The effect of this “keychime” was, of its own accord, pleasing when jostled, yet, as with the metal disk, even more interesting when suspended above the vibrating snare, lowered to interact with that vibration as the performer was coaxing various rhythms and sonorities from the stationary snare with conventional implement, or even used as a performance implement itself.
The performance provided by Jeremy Muller was thoughtful and virtuosic, and clearly benefitted from his perspective as both performer and composer.
Muller is active as a percussionist, composer, and multimedia artist and has performed as a featured soloist at many venues throughout the United States, Canada, and Australia. At the 2022 installment of NYCEMF, Recently, he performed his composition, Blackwater for snare drums, mobile phones, and animation, at the 2022 installment of the New York City Electroacoustic Music Festival.
Wait. I’ve been saving old keys for much of my entire adult life. I’ve wondered why. Aha! Now I know why.
The second realization was provided by Klimchak. Klimchak is a well-known, admired percussionist and composer, appreciated for his unconventional utilizations of an incredibly wide variety of percussion instruments and sound-creating objects to our delight, astonishment, and amusement. He is certainly a veteran musical icon of the Atlanta area, but well-known in other parts of the world as well, both as an innovative performer and a composer of theatre music.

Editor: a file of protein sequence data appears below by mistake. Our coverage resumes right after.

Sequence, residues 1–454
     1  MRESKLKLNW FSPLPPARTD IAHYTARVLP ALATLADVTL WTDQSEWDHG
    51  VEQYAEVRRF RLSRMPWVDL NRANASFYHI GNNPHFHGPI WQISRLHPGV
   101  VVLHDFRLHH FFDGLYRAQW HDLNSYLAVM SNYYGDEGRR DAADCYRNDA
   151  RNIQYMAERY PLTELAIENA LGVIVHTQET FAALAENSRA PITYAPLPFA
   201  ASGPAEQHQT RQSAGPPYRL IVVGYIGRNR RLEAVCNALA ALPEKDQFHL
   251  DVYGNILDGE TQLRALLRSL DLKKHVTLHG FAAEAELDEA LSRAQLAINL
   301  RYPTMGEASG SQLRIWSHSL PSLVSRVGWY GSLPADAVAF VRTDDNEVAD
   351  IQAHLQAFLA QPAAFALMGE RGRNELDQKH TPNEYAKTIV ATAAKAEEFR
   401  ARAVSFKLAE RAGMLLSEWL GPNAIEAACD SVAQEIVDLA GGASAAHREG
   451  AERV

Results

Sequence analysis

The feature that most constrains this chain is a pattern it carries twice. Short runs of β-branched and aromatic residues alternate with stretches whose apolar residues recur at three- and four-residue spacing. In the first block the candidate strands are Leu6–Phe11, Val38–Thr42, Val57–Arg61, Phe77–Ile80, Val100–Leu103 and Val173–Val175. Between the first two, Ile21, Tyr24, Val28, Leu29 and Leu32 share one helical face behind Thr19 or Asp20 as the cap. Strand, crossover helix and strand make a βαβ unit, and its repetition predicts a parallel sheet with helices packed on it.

Klimchak’s realization of Composed Improvisation (1987) utilized a number of single-sided drums (various-sized tambourines, with or without jangles) and various implements, conventional and not, to excite various kinds of vibrations of varying lengths and volume — vibrations very different than those achieved on snare drum from the previous performance.